The more I think of it, the more I really want the heatsink inside the case. I saw a few candidates for an appropriate case when I was downtown last that would easily house the board, the heatsink, everything that needs to be on the front panel etc. I’m not so keen on having a heatsink outside the case where it could possibly be touched, even mounted at the back. It does however mean that I will need a fan just to be sure it’s being cooled properly and to ensure temperature stability of the circuit (particularly the shunt, which I have no temperature data on).

Apart from that, I’m starting to dream of the panel printing. It’s pretty much a no brainer, just print on adhesive transparency and whack it on the front (with some care of course). The graphic designer in me is already thinking of a nice clean font and what warnings and labellings I will have to put on it. Though it will only be me actually using the thing, it is best practice to design in case someone else uses it, for safety if no other reason.

I could imagine the greybeards both approving of my thoughts on safety and flexibility, whilst simultaneously laughing at me putting lipstick on what is essentially a piece of home-brew test equipment. I believe it is the prerogative of the hobbyist.

Switch Craziness

It seems a simple matter to wire a switch, but sometimes I find it oddly confusing. In examining the above idea to switch out the voltmeter and base lead from the MOSFET, I’ve really been puzzled to how it’s going to work well. At first, I thought “oh no worries, I’ll use a DPDT switch and she’ll be right”. Not quite so. It’s important to look at what needs to be switched and where to determine the number of poles needed. Yes, experienced reader, I fully realize I could use transistors and add circuitry to allow this switching to happen using a SPDT switch, but I really do not want to for a few reasons. Many of the lines I am switching are very sensitive and I do not wish to load them accidentally which could lead to inaccuracies of the readings/settings at best, or a dangerous accident at worst.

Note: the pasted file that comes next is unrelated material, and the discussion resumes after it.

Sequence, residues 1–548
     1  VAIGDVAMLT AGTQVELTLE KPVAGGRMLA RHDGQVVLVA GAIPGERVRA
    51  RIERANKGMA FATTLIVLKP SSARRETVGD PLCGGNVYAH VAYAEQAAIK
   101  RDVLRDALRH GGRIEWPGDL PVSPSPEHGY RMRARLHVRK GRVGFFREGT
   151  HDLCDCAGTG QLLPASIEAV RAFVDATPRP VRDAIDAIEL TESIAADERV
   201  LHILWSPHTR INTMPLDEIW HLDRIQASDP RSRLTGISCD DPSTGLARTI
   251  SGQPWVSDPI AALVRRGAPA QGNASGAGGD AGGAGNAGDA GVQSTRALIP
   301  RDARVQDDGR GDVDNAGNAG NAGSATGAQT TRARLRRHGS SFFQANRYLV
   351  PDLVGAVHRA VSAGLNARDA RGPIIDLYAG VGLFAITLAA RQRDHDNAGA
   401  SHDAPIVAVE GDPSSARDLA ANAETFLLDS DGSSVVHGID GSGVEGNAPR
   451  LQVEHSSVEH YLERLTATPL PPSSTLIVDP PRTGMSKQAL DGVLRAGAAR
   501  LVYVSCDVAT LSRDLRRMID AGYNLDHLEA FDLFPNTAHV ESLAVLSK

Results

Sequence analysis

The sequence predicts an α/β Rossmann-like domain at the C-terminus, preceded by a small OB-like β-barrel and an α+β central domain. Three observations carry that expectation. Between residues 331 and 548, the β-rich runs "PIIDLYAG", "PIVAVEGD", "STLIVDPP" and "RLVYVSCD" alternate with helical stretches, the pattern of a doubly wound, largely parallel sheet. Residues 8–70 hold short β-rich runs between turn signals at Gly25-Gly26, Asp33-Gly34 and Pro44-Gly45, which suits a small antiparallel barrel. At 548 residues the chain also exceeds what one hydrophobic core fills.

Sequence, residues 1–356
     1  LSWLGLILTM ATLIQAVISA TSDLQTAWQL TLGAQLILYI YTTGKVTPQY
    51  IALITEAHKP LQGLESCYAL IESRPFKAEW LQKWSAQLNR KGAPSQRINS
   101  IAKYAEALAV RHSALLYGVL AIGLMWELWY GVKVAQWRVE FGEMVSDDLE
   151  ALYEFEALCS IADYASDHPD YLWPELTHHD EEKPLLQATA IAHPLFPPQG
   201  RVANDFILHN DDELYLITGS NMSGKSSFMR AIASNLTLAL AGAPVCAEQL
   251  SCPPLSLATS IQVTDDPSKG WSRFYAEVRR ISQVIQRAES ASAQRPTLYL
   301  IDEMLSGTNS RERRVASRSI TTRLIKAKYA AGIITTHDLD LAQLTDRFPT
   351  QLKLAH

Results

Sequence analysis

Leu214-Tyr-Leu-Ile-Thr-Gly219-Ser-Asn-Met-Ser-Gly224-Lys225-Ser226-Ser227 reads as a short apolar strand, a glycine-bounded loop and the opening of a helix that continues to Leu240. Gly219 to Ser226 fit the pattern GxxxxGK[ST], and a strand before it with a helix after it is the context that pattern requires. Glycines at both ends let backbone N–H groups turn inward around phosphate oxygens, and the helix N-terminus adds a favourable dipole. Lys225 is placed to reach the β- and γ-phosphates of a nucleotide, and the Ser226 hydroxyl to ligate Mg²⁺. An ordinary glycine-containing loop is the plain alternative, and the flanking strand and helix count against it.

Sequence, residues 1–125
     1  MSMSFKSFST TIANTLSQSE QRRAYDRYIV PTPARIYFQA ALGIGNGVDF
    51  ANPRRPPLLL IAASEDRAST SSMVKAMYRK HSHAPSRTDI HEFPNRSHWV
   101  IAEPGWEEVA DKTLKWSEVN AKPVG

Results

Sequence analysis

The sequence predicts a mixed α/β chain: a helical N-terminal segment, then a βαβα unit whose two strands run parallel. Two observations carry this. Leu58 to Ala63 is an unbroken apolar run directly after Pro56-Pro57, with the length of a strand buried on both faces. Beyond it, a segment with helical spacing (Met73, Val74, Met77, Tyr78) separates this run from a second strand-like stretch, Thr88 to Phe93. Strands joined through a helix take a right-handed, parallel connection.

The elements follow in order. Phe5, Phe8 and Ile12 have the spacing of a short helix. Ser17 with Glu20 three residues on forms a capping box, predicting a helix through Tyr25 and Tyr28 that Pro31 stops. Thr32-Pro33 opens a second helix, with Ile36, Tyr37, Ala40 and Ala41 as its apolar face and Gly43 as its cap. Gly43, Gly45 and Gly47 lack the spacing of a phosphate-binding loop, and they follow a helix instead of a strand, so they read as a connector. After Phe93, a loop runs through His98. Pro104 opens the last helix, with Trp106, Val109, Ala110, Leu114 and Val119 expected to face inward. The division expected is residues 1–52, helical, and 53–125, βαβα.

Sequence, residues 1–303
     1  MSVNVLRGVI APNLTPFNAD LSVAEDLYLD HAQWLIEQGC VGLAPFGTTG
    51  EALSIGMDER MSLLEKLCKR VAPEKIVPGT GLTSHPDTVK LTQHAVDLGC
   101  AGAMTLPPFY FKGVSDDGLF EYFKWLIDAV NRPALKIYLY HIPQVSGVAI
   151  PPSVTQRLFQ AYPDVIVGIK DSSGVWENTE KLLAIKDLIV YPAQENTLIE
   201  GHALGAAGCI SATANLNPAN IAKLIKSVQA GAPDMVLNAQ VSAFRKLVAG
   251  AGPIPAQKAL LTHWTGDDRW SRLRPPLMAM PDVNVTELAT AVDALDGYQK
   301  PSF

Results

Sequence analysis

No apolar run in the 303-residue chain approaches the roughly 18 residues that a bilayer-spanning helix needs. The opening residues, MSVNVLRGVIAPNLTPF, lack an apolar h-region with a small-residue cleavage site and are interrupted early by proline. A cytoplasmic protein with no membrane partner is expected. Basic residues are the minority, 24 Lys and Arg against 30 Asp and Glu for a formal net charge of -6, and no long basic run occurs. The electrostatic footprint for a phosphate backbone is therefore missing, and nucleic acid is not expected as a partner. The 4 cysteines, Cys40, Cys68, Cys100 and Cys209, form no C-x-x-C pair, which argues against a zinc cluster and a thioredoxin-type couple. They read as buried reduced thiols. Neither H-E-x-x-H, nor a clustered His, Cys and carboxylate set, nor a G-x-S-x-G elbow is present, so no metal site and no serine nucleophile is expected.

So here’s what I need to do:

  • Switch the output of the 10kΩ trimmer between the second opamp non-inverting input, and the + input of the panel voltmeter
  • Switch the non-inverting input of the second opamp from the 10kΩ trimmer to the ground rail (holding the MOSFET off)
  • Switch the voltmeter + input from the top of the shunt to the output of the 10kΩ trimmer to measure the voltage of Iset
  • Switch on an LED (or two LEDs, mutually exclusive) without loading the other parts of the circuit.

It becomes apparent, since I have four items to switch, I need a 4PDT switch. How caveman :). Other solutions, such as using transistors or switching ICs would work and eliminate the need for a fancy switch, but also may load parts of the circuit where I need to measure/transmit precise voltages. The safety factor also demands the simplest, 100% guaranteed to work solution which is a manual contactor. I *could* eliminate the second item, which would be tying the input of the second opamp to ground, and theoretically with no input to the non-inverting input it should have a LO output (keeping the MOSFET switched off). Something tells me this is bad practice and to be doubly sure, tying it to ground will force it off and stay off.